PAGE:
How has the first week of the school holidays treated you? Ours has been filled with loom bands, glow-in the dark glitter glue (not even kidding!), musical bedrooms and burning parachutes. It’s time for the Little Sister to vacate the nursery, for me to reclaim the office I gave up six years ago and (hopefully) for Bearhands to stop complaining about the amount of stuff on the dining room table.
The Big Sister has to move into the spare room, so the Little Sister can move in to her old digs. It’s a bit of a mammoth task. Our spare room has become a collection of vacuum storage bags of clothes the kids have grown out of, luggage (where do people store their luggage??) and the carefully packed parachute I stashed there years ago.
When Bearhands and I first moved to the farm, we weren’t married. In fact, we’d only known each other 20 months! Bearhands had a clear vision for our future, I took a gamble and chucked in my career to dive into it with him, but I packed my parachute first. I packed it for any one of several possible events I’d imagine between two and three am:
- Bearhands and I split the sheets
- Farming wasn’t for us
- Farming was for us, but some financial catastrophe befell us.
- Bearhands got hurt or worse.
So I carefully packed my parachute in the spare room. Textbooks, coursework, options: all neatly stacked in the cupboard. But parachutes are bulky and they don’t have indefinite lifespans (particularly the panel of the parachute made up of environmental law). So this week, I set fire to my parachute.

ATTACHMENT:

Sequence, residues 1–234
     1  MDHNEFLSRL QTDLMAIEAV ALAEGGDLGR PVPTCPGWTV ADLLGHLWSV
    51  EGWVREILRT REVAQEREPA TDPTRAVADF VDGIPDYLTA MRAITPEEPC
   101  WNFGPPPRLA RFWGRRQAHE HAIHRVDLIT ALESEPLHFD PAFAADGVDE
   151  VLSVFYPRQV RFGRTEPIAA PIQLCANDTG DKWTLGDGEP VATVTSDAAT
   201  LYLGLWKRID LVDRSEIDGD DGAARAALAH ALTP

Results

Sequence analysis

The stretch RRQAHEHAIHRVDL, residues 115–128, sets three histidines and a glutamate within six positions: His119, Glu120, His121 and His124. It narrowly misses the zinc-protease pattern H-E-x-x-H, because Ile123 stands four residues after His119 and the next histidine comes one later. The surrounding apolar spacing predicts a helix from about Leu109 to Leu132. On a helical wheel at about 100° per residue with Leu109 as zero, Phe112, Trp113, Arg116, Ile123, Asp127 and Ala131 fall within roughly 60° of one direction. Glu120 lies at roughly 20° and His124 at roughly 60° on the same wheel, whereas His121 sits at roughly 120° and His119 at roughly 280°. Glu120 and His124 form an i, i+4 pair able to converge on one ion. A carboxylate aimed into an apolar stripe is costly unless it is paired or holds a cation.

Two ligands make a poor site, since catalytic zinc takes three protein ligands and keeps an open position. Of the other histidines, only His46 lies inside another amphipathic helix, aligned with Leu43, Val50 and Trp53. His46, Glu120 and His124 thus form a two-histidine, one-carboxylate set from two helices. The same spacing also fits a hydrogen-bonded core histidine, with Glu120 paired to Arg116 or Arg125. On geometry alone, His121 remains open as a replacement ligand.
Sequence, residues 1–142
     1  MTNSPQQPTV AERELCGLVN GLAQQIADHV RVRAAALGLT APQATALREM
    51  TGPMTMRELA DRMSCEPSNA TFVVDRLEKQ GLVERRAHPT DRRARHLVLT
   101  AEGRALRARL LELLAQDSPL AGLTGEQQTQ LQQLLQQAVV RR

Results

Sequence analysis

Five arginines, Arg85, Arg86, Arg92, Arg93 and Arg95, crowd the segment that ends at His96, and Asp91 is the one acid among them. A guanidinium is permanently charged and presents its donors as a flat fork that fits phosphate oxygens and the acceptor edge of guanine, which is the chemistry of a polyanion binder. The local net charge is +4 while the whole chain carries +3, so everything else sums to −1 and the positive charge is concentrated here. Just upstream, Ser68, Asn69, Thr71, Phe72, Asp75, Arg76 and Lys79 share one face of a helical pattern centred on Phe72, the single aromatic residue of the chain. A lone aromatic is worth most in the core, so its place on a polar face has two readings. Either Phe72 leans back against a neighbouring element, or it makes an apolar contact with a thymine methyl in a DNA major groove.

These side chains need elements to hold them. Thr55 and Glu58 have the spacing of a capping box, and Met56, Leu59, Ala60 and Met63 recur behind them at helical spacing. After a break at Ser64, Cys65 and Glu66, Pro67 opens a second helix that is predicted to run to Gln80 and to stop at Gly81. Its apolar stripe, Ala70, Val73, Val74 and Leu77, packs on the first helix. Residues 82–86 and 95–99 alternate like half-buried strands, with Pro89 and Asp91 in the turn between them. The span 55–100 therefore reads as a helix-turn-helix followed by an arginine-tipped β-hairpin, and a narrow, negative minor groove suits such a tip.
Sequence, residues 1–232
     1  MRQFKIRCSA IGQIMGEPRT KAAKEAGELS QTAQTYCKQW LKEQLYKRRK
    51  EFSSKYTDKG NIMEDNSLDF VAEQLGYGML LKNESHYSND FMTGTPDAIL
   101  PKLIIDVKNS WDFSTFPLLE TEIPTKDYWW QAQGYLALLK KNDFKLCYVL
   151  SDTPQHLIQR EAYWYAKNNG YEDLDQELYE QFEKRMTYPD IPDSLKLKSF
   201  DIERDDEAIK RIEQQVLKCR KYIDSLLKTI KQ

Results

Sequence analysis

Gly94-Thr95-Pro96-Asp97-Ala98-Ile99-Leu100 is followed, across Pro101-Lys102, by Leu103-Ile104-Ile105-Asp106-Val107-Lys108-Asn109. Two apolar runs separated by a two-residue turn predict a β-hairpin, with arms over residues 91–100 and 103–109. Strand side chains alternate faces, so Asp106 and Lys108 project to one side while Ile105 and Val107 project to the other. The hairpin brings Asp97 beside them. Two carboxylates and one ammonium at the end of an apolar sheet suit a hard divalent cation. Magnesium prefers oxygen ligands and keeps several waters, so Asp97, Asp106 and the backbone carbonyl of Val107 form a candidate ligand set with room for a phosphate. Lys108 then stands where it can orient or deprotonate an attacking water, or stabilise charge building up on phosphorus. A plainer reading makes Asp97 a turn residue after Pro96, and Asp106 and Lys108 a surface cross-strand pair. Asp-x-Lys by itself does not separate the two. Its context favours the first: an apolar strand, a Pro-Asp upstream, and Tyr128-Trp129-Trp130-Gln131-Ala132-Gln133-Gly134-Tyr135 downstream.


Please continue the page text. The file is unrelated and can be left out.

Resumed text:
I burned a plan to conserve an imaginary endangered ant eating lizard and the safety briefing that I designed for snorkel tours of Brampton Island.
I kept the cards that our loved ones sent when the girls were born and my childhood french textbook.
I burned employment offers and a cheery booklet called Am I in Labour?*.
I kept my 21st key and the letter that my Mum wrote when after I’d resigned my career to join Bearhands on the coast.
I burned notes from my criminal intelligence training and gave away my environmental risk management texts.
My parachute had to go and the realisation that I no longer need it was a really happy one. I wish I could go back eight years and whisper some steadying words into my own insomniac ear.
It’s freaking awesome to have a life from which you don’t need an exit strategy!
do you have a parachute?
where do you keep your luggage?
* Should by some miracle, I ever find myself in that situation again, I’ll trust myself to know it!0